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Minnesota is No. 13 in highest-taxed states

School districts’ hiring is way up; “angry” man arrested in church vandalism; wooden coffins a big seller; Joan Growe criticizes voting amendment; and more.

We’re No. 13! Bill Salisbury of the PiPress reports: “Minnesota state and local taxes were 13th highest in the nation per capita in 2010, while the state ranked 15th highest in spending per person. Those were among the findings in a new Minnesota Taxpayers Association annual report on state and local taxes and spending that was released Wednesday, Sept. 26. It was based on recently released U.S. Census Bureau data for 2010. ‘The findings suggest that Minnesota’s moderate increases in tax collections were largely similar to the experiences of other states,’ the report said. Minnesota’s state and local taxes per $1,000 of income increased 2.5 percent from 2009 to 2010 — a rise small enough to drop the state down one spot in the national tax rankings.” Was this before or after all our millionaires moved to South Dakota?

Fresh hiring by Minnesota school districts is improving the jobs picture. Mila Koumpilova of the PiPress reports: “After a couple of years of job losses, hiring in public schools is markedly up this summer over last year. District payrolls last month hit 106,975 jobs, up more than 7,500, or 7.6 percent, over August 2011. Jobs were also up over July’s numbers — unusual because district payrolls rarely start rebounding so soon after the spring ritual of laying off employees for the summer. In fact, public education outperformed all other sectors in hiring over the year, according to the Minnesota Department of Employment and Economic Development, which released an otherwise lackluster August jobs report last week. The numbers include all district and charter school jobs, from teachers to custodians and counselors to administrators.” So, we’ve finally met the “job creators” … and they are us.

It was his “anger with God” that made him do it? The Strib story on the Buffalo church desecrations, by Tom Meersman and Paul Walsh, says: “Police in Buffalo say doors and windows were broken with rocks between noon and 3 p.m. Monday at four church buildings — St. Francis Xavier Catholic Church, Seventh-day Adventist, Hosanna Lutheran (Missouri Synod) and Buffalo United Methodist. Posters with troubling messages were left starting Saturday night at two of those churches — St. Francis and Hosanna Lutheran — and two others, Zion Lutheran (ELCA) and Buffalo Presbyterian, said Chief Mitchell P. Weinzetl. On Wednesday night, police arrested the man, who is from rural Buffalo, after announcing earlier that they had identified a ‘person of interest,’ based on surveillance camera images of him.”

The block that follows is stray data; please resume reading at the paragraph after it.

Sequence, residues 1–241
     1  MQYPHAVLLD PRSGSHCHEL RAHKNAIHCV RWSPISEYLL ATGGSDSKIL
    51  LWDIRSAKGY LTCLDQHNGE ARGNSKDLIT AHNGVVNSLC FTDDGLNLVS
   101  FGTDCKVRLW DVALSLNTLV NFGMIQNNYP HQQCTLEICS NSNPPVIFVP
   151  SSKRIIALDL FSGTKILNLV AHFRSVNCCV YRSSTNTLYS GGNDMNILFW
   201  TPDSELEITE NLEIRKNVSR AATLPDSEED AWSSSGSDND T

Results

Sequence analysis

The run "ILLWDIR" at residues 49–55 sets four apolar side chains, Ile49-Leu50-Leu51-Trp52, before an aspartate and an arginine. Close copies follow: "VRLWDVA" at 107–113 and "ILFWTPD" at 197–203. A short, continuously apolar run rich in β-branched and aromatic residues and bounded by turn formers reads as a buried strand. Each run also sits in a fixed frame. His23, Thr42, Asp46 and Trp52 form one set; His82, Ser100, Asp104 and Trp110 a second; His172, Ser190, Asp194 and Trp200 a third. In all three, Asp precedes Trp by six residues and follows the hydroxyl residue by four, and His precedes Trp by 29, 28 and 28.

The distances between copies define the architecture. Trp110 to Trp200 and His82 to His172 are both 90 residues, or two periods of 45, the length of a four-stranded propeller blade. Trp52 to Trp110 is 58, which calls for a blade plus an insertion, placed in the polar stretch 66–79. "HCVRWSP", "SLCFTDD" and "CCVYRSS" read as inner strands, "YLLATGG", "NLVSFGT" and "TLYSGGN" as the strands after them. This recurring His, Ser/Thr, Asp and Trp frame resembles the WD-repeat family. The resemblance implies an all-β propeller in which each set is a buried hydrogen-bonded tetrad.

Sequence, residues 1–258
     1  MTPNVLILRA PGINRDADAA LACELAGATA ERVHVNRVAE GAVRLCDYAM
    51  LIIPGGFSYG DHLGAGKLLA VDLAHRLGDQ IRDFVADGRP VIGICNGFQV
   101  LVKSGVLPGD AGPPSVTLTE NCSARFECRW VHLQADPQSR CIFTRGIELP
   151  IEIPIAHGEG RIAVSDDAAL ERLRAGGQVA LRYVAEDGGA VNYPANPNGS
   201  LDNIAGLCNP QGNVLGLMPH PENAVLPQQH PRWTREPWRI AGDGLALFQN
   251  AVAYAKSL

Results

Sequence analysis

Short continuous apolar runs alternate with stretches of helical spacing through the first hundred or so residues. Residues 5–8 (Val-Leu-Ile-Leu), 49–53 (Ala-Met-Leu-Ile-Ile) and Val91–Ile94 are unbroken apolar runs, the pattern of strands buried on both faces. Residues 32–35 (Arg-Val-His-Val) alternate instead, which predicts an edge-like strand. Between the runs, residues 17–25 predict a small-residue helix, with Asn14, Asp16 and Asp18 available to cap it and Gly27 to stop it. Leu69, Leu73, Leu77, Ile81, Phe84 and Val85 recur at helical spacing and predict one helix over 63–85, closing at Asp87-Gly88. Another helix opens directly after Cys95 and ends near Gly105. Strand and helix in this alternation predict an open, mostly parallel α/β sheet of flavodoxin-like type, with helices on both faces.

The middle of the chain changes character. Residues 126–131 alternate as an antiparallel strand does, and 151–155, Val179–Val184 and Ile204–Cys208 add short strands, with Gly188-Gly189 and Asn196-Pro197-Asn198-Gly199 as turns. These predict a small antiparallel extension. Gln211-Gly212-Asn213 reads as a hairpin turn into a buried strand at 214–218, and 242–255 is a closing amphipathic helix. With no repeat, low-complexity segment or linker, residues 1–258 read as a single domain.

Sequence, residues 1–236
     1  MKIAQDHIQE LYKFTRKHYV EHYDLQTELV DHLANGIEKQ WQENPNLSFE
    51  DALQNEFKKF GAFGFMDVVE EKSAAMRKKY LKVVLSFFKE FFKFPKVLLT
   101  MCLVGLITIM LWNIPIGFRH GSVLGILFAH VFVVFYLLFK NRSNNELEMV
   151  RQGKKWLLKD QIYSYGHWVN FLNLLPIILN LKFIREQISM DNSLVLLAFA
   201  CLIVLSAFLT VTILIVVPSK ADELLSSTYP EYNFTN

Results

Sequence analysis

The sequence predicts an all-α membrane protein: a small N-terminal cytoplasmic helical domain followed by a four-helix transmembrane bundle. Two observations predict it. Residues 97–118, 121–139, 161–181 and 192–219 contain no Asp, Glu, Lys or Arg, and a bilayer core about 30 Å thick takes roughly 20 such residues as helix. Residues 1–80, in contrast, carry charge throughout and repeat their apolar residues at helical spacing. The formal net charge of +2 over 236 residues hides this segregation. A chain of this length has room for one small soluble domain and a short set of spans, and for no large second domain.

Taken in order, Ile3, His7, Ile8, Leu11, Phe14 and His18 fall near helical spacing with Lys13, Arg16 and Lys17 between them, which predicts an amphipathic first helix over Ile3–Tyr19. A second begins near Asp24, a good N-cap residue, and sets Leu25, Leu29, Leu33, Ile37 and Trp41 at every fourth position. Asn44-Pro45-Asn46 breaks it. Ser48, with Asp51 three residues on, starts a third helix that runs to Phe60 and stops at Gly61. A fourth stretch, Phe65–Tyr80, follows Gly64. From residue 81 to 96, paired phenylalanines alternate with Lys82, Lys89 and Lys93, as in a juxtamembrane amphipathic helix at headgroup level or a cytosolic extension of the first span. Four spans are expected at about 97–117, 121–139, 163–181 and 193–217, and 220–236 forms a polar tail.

I always said death was a recession-proof business. Richard Chin of the PiPress says: “Your friendly neighborhood coffin shop is holding a Halloween sale. Last January, Mike Zoff opened a small storefront on Smith Avenue on St. Paul’s West Side to sell the affordable wooden coffins he makes in his garage. It was supposed to be a part-time second business supplementing his full-time job as a real estate broker. Apparently, coffins are selling better than homes. Zoff said he is going full time in the coffin racket, and while most of his products end up underground, he’s found that the business seems to be diversifying of its own accord. For example, one customer wanted a 4-foot-long coffin with legs to use as a coffee table.”

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What West Bank bar isn’t a site of historical significance? Steve Brandt of the Strib writes: “Few vestiges remain of the frothy heritage of a former tavern in Minneapolis’ Cedar-Riverside. Gone are the bar, the plate-glass front window, the Gluek Brewing logo of a six-pointed star surrounding a G. Nevertheless, Minneapolis preservationists are saying not-so-fast to a developer who wants to raze the building for a 259-unit project next to Mixed Blood Theater. The city’s Heritage Preservation Commission has ordered a survey of Gluek’s ‘tied houses’ to determine just how many of the saloons, which were owned or controlled by the defunct northeast Minneapolis brewer, remain in the city. While that happens, the $48.5 million development proposed by Fine Associates will be on hold for the second time.” Build over it. They do it all the time in Manhattan.